The noise is audible from inside the train carriage as we glide across the Ponte della Libertà and into Santa Lucia station. Whistles, horns, drums, occasional shouts, festive choruses, and bursts of laughter. With too much luggage in tow, I disembark the train. From the top of the station steps the scene below is arresting – a full-swing masquerade party is in motion on the streets. Women in curled white wigs and enormous bustles, men in every manner of decorative mask, and children decorously dressed as little barons and baronesses (or less decorously, and more frequently, as little superheroes!).
It is the central weekend of the Carnevale di Venezia, an unseasonably warm and bright day in February, and, I now realize, the entirely wrong day on which arrive needing to traverse Venice carrying three weeks worth of luggage. My plan had simply been to stride down the stairs, onto a waiting vaporetto, disembark at the Rialto, and be all settled into my temporary new home in the space of thirty minutes. With the normally efficient railway piazza transformed into an uncrossable terrain of revelry however, there is simply no other option but for me and my baggage to join in the festive crush of human traffic, and get pushed where the flow is to take us…
About two hours later, with afternoon giving way to evening, and bags thankfully deposited along the way, I am finally spat from the human thicket of narrow laneways into the open space of the Piazza di San Marco. This is Carnevale centrale and the best place to observe the masked revelers parade their costumes.
Groups on their way to balls stroll arm in arm, happy to linger scenically by lamp posts and columns to appease photographers. Through the Piazzetta, against a backdrop of bobbing gondole, spookily clad mimes pull slowly changing poses.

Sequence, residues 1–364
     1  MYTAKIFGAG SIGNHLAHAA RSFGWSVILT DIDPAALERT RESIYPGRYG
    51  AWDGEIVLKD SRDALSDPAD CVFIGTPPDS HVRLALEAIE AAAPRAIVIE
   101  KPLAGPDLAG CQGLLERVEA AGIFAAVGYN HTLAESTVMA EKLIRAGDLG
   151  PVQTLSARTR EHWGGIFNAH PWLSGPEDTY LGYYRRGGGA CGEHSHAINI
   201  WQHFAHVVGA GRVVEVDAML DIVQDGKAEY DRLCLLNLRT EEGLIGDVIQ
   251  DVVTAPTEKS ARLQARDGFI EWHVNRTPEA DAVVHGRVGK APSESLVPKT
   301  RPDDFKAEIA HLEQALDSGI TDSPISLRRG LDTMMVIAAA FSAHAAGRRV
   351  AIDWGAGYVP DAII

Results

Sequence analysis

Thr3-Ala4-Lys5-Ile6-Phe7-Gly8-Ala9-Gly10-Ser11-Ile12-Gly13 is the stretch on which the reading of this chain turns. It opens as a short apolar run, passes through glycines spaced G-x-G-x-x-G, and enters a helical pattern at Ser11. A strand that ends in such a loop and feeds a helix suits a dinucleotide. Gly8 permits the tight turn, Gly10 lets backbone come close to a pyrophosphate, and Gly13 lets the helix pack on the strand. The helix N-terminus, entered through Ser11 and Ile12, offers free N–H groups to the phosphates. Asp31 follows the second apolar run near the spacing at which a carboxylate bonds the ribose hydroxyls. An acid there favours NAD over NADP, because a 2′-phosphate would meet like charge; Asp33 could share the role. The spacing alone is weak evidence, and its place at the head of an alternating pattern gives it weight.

At the edge of the Piazza, inside the famous Café Florian, groups of decadently dressed party-goers dramatically sip at their tea and apertivi, providing an almost Christmas-window like show to less wonderfully attired observers who clamber for a glimpse outside.
The wearing of masks is a long held tradition in Venice, with various complex laws introduced and rescinded throughout history dictating who could and who could not wear masks, and when these may, and may not be worn. At certain times in history, it was forbidden for masks to be worn at night, while at others, it was required that they must always be worn for the maintenance of anonymity, during political voting for instance. At one particularly ridiculous point, it was even decreed that masks must especially never be worn in a convent (on the threat of two years shackled rowing as punishment) as the practice of making anonymous late night visits to drink with the nuns became a briefly popular activity in the morally declining Serenissma!
As is frequently the case, men seem to have gotten a slightly better deal out of mask wearing than women. Traditional men’s masks protrude at the mouth, allowing the wearer to eat and drink whilst masked. Traditional women’s masks, on the other hand, are not so accommodating, with some even requiring the wearer to bite down on a button constantly to keep the mask in place, rendering not only eating, but also speaking impossible!
When I look back on my stay in Venice during Carnevale however, I am tempted to think that such a mask might not have been an altogether bad idea. Rich foods and gluttonous overconsumption are part of the festival spirit. Carnevale, after all, is a festival that owes its existence to a logic of extremes – it’s a last hurray, the final opportunity to be very very bad, before forty days worth of Lent in which one must be very very good. It makes perfect sense – if, of course, you observe Lent. Only, I don’t, and was so keen to recreate all the wonderful Carnevale foods at home, that my period of festive over-indulgence is now approaching four weeks straight...
Perhaps the most famous of the special Carnevale foods in Venice are frittelle. Little donuts, filled or unfilled, sometimes with the addition of grappa-soaked raisins, or pine nuts, served ubiquitously, and eaten on a pretty much daily basis by me! The most delicious (and correspondingly famous) frittelle in Venice can be found at the Pasticceria Tonnolo, nearby the Campo Santa Margarita.